Comic says he tricked Segolene Royal

26th January 2007, Comments 0 comments

PARIS, Jan 26, 2007 (AFP) - A French comedian claimed Friday to have framed Socialist presidential candidate Segolene Royal with a spoof telephone call impersonating the prime minister of Quebec.

PARIS, Jan 26, 2007 (AFP) - A French comedian claimed Friday to have framed Socialist presidential candidate Segolene Royal with a spoof telephone call impersonating the prime minister of Quebec.

Gerald Dahan -- who is seen as close to Royal's right-wing rival Nicolas Sarkozy -- told French radio he called her late Wednesday claiming to be Quebec Premier Jean Charest, to discuss a row over comments in which she appeared to back independence for the French-speaking province.

Royal arrived late at a public debate on Wednesday, announcing to the room that she had just been speaking with the prime minister of Quebec -- and that he sent his greetings to the assembly.

Dahan, who specialises in tricking public figures with bogus telephone calls, claimed to have duped half a dozen of Royal's advisers, and finally the candidate herself, who spoke with him for 10 minutes.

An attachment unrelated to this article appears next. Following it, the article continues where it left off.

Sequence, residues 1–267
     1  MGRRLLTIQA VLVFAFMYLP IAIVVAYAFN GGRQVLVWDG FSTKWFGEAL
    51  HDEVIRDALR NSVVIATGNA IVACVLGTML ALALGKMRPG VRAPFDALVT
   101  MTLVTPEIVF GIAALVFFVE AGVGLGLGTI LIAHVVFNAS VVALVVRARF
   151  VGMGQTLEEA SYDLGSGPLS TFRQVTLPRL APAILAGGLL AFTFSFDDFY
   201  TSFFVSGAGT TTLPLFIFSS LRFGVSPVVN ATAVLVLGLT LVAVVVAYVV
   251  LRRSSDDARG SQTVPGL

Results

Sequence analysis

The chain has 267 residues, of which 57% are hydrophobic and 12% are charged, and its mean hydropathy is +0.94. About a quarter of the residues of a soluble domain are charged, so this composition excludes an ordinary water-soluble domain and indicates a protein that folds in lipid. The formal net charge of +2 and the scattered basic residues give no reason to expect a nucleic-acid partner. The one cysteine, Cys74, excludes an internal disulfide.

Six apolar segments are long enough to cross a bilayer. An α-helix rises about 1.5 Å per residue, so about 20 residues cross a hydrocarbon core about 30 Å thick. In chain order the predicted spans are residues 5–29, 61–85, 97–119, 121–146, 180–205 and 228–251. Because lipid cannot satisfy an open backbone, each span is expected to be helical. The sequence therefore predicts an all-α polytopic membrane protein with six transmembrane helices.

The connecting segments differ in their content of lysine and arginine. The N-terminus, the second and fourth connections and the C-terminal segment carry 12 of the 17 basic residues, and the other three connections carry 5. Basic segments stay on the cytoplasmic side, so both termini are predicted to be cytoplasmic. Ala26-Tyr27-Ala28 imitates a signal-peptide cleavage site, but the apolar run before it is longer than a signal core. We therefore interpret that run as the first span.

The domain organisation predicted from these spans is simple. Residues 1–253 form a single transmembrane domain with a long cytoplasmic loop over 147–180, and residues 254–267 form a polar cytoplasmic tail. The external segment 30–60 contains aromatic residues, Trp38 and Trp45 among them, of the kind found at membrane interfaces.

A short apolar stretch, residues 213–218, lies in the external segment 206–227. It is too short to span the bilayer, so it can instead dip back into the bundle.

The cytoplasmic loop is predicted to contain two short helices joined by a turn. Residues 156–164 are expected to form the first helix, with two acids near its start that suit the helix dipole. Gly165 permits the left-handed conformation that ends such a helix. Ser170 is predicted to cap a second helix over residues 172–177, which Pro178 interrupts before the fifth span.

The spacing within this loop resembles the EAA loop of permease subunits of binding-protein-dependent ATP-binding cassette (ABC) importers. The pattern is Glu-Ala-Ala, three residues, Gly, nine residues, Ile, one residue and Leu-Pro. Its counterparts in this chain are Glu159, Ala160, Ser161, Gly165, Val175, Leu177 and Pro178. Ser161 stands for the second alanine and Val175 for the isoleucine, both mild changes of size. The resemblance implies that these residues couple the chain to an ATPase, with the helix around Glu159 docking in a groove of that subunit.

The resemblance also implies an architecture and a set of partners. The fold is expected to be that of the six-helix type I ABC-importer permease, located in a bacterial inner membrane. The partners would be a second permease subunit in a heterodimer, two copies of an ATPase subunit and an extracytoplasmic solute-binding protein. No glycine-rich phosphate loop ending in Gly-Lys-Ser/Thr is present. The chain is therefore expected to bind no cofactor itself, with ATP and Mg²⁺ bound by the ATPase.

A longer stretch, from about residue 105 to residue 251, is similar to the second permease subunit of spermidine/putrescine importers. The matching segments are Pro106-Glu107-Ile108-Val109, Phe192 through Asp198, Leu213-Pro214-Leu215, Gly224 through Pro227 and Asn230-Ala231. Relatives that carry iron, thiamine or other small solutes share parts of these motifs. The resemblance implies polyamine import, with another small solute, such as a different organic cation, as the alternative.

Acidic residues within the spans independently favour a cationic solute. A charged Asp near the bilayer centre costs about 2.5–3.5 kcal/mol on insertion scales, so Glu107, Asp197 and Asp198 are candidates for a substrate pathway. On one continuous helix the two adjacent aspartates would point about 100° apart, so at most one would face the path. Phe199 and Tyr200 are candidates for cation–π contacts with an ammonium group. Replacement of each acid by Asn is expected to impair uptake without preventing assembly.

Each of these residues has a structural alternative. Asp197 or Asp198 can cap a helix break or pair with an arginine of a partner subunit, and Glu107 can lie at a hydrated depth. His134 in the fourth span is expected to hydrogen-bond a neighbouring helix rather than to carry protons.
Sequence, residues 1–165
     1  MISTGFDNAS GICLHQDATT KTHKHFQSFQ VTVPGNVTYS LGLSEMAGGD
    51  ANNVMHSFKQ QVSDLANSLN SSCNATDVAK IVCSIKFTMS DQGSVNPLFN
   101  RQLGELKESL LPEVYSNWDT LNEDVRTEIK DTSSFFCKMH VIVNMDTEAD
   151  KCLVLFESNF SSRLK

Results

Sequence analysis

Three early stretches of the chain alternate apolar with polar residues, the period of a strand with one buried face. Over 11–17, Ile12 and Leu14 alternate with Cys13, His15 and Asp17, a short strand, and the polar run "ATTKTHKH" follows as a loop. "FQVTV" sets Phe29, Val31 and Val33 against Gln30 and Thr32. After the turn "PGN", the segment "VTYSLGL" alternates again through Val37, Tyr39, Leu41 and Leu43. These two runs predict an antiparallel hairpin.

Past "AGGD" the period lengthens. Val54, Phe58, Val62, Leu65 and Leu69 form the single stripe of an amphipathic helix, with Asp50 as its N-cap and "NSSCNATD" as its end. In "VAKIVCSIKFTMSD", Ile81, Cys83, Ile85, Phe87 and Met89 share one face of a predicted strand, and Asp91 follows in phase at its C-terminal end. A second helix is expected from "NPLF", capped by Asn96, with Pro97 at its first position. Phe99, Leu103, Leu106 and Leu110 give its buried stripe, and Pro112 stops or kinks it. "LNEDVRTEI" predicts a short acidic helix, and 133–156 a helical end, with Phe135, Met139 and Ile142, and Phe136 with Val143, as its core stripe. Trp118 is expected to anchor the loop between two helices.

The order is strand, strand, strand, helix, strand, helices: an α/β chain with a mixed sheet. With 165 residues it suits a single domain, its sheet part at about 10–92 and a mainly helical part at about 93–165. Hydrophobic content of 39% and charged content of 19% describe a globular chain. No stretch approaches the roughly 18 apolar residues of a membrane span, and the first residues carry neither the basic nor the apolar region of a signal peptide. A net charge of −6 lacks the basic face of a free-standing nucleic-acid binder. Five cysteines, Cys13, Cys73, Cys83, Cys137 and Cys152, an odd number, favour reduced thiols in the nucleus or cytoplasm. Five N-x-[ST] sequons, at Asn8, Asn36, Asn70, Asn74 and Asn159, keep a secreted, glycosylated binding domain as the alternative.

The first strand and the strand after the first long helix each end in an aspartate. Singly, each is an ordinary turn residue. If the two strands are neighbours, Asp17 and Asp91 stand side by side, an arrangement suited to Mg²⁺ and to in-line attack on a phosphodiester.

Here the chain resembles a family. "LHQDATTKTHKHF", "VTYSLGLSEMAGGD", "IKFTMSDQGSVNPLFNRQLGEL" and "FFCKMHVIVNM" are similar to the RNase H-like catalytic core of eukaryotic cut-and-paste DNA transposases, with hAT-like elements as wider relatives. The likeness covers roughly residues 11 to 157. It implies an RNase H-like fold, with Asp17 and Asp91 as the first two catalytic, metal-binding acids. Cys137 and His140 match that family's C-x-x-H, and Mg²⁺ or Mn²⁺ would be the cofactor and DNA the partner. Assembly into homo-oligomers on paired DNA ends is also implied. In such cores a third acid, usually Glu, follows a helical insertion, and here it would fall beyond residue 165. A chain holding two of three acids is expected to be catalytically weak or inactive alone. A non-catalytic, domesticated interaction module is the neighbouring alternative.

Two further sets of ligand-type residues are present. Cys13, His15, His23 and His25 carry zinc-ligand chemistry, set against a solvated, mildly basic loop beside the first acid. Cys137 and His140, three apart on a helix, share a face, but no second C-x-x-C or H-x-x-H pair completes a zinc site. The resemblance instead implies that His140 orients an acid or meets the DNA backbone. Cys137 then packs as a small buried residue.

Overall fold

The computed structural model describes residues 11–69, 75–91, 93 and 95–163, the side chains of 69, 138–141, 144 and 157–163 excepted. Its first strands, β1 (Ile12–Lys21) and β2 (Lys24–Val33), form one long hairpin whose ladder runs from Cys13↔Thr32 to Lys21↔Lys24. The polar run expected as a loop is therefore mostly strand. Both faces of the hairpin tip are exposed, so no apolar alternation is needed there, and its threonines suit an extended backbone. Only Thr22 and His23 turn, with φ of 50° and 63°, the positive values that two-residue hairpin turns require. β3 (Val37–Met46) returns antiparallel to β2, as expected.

He played a brief extract of the alleged conversation on air, in which he jokingly compares Royal's comments on Quebec to suggesting independence for  Corsica, the restive French Mediterranean island.

"The French people wouldn't be opposed to the idea, by the way," a woman's voice is heard to reply with a laugh -- before adding: "Don't repeat that, though -- it would cause another incident in France. It's a secret."

Faced with a barrage of protests over her comments on Quebec Monday, Royal later said she simply meant she would respect the sovereign choice of the people in any vote on the future of the Canadian province.

No comment was immediately available from Royal's campaign camp on Dahan's claims. The candidate herself left on Thursday for a trip to the French Antilles in the Caribbean.

In 2005, Dahan made headlines when he called French football captain Zinedine Zidane posing as President Jacques Chirac and convinced the team to cross their hearts when the French anthem was played before the match.

In January 2006, Chirac himself was tricked by a Quebecois humorist who spoke with him on the telephone pretending to be Canadian Prime Minister Stephen Harper.

Copyright AFP

Subject: French news, Segolene Royal, Quebec

0 Comments To This Article